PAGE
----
The Changing Nature of Instructional Leadership in the 21st Century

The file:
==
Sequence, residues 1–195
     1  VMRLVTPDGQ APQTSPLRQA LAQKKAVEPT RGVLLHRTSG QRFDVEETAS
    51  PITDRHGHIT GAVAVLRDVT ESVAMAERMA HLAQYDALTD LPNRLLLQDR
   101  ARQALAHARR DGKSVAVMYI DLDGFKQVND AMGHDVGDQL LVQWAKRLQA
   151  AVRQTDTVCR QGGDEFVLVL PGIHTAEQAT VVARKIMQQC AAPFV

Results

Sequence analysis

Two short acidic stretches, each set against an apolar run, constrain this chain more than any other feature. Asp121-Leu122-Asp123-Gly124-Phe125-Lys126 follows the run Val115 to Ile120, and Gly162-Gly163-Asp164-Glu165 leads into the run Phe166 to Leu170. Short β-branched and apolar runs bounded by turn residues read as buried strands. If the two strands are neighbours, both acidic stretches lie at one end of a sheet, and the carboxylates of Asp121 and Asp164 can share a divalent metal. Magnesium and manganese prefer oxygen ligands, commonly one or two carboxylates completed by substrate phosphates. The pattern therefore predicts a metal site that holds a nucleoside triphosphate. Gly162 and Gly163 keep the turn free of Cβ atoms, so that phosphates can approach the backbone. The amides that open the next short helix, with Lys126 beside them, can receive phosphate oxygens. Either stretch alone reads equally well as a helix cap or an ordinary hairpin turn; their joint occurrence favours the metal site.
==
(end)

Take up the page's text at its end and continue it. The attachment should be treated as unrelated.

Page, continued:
This third book in the Information Age book series, International Research on School Leadership, focuses on the changing nature of instructional leadership in the 21st century. Our goal is to examine instructional leadership from multiple educational and international perspectives. Unlike many leadership books that focus on conceptualizations and personal narratives, the seven chapters provide empirical evidence of how instructional leadership is evolving in the 21st century. From the effective schools research of the 1980s to today’s relentless calls for improved student performance, attention has focused on the instructional leadership roles and responsibilities of school principals, headteachers, and educational system leaders. The emphasis on student performance has gone global as evidenced by highly-publicized international studies, such as the Trends in International Math and Science Studies (TIMSS) and the Program for International Student Assessment (PISA), comparing student achievement in different countries._x000D_ _x000D_ These developments have had substantial effects on school leaders, especially building-level principals and headteachers. Rather than being the only ones overseeing school improvement aimed at increasing student learning, many school administrators are distributing leadership responsibilities to other administrators and teachers on their campuses. To fully understand instructional leadership in the 21st century, the book examines three important dimensions of instructional leadership: (1) the current context for turning around low-performing schools, increasing teacher effectiveness, and providing equitable outcomes for all students, (2) international perspectives of instructional leadership development, particularly the value of teacher coaching and leadership development for aspiring and practicing school leaders in a developing country, and (3) the obstacles instructional leaders confront as they deal with fiscal constraints, political pressure, diverse student populations, and high-stakes standards-based reforms.
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